Snapping shrimps have helmets to ward off shock waves from their claws

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Snapping shrimps seem immune to the shock waves their claws produce to kill or stun other animals – and it is all thanks to their head gear



Life



5 July 2022

A snapping shrimp (Alpheus heterochaelis) at night

This snapping shrimp (Alpheus heterochaelis) has a hood over its eyes that protects against shock waves

Crabby Taxonomist (CC BY-NC-SA 2.0)

Snapping shrimps have special headgear that stops them hurting themselves when they stun their prey with shock waves.

The shrimps create shock waves in the water by snapping their claws so fast that they create popping bubbles that make a “snap” sound. These supersonic blasts of high-amplitude pressure – a very different kind of force from physical impacts – can damage the brain, eyes and gills of the shrimps’ prey, incapacitating or even killing the animal.

Curiously, though, the snaps don’t seem to affect the shrimps themselves, even when another shrimp snaps just next to their heads, says Alexandra Kingston at the University of Tulsa in Oklahoma. Suspecting that the hard, transparent hoods covering the animals’ brains and eyes – which don’t exist in other crustaceans – played a protective role, she and her colleagues investigated.

The team surgically removed these orbital hoods from 60 bigclaw snapping shrimp (Alpheus heterochaelis) captured off the coast of South Carolina.

The behaviour of these hoodless shrimp was essentially normal in the laboratory aquarium, as long as there was no snapping, says Kingston. But when the team enticed a shrimp to snap, the hoodless crustaceans in the same aquarium immediately jolted, spun around or fell over.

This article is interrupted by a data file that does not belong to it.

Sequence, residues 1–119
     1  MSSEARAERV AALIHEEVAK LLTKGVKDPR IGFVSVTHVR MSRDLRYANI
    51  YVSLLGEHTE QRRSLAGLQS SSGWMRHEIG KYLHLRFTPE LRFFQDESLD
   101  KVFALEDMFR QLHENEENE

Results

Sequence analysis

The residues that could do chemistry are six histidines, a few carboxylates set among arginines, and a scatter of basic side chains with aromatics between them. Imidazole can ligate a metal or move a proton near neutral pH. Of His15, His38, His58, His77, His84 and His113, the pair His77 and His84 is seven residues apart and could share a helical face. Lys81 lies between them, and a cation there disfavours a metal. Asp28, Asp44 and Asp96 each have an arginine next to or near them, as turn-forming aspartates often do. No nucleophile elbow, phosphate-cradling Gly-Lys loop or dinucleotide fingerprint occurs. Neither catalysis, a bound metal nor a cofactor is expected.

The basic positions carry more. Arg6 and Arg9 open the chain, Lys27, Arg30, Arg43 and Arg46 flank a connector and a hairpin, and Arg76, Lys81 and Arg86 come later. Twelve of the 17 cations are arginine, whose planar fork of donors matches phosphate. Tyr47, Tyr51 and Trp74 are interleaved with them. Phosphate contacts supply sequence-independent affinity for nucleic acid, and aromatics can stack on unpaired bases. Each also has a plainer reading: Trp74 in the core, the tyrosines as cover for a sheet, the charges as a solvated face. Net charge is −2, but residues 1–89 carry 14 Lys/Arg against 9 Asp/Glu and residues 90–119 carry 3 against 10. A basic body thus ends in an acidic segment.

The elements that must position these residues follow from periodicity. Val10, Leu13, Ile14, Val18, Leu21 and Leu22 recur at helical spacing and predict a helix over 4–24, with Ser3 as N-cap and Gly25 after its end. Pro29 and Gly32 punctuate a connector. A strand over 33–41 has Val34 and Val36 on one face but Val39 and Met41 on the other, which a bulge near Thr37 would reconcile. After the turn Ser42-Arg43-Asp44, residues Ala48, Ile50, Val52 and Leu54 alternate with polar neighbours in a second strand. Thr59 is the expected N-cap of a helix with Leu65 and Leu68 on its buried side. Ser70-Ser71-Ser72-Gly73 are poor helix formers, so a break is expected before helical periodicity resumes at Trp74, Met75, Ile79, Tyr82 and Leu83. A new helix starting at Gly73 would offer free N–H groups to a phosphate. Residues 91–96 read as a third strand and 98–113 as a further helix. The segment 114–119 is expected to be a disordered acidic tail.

When these shrimps tried to move back to their shelters, they often seemed unable to coordinate their limbs and tended to lose their way. By contrast, still-hooded bigclaw shrimps exposed to snaps in the lab behaved normally. On average, after a snap, it took the hoodless shrimps nearly seven times longer to find their shelters than the hooded ones.

Investigations with pressure sensors revealed that the pressure inside the hood was about half what it was just outside the hood during a snap. This suggesting the “helmet” has a strong protective effect, says Kingston.

The key to this protection seemed to be in the hood’s holes just below the eyes. The water normally trapped inside the hood would gush out of the holes during shock waves, potentially redirecting the energy from the blast away from the brain and dampening its harmful effects.

These hoods are the only known biological equipment that specifically protects animals’ brains from the effects of shock waves. The unique design could inspire better protective headgear for humans who work with explosives and other sources of shock waves, says Kingston.

“It’s really hard to stop these pressure waves,” says Kingston. “Even things like traditional Kevlar armour don’t stop these shock waves. They can travel through that material. My group is definitely hoping to work with material scientists and engineers, and perhaps the military in the future, to try to engineer something that will be more effective than just protection against secondary [physical] blast injuries.”

Journal reference: Current Biology, DOI: 10.1016/j.cub.2022.06.042

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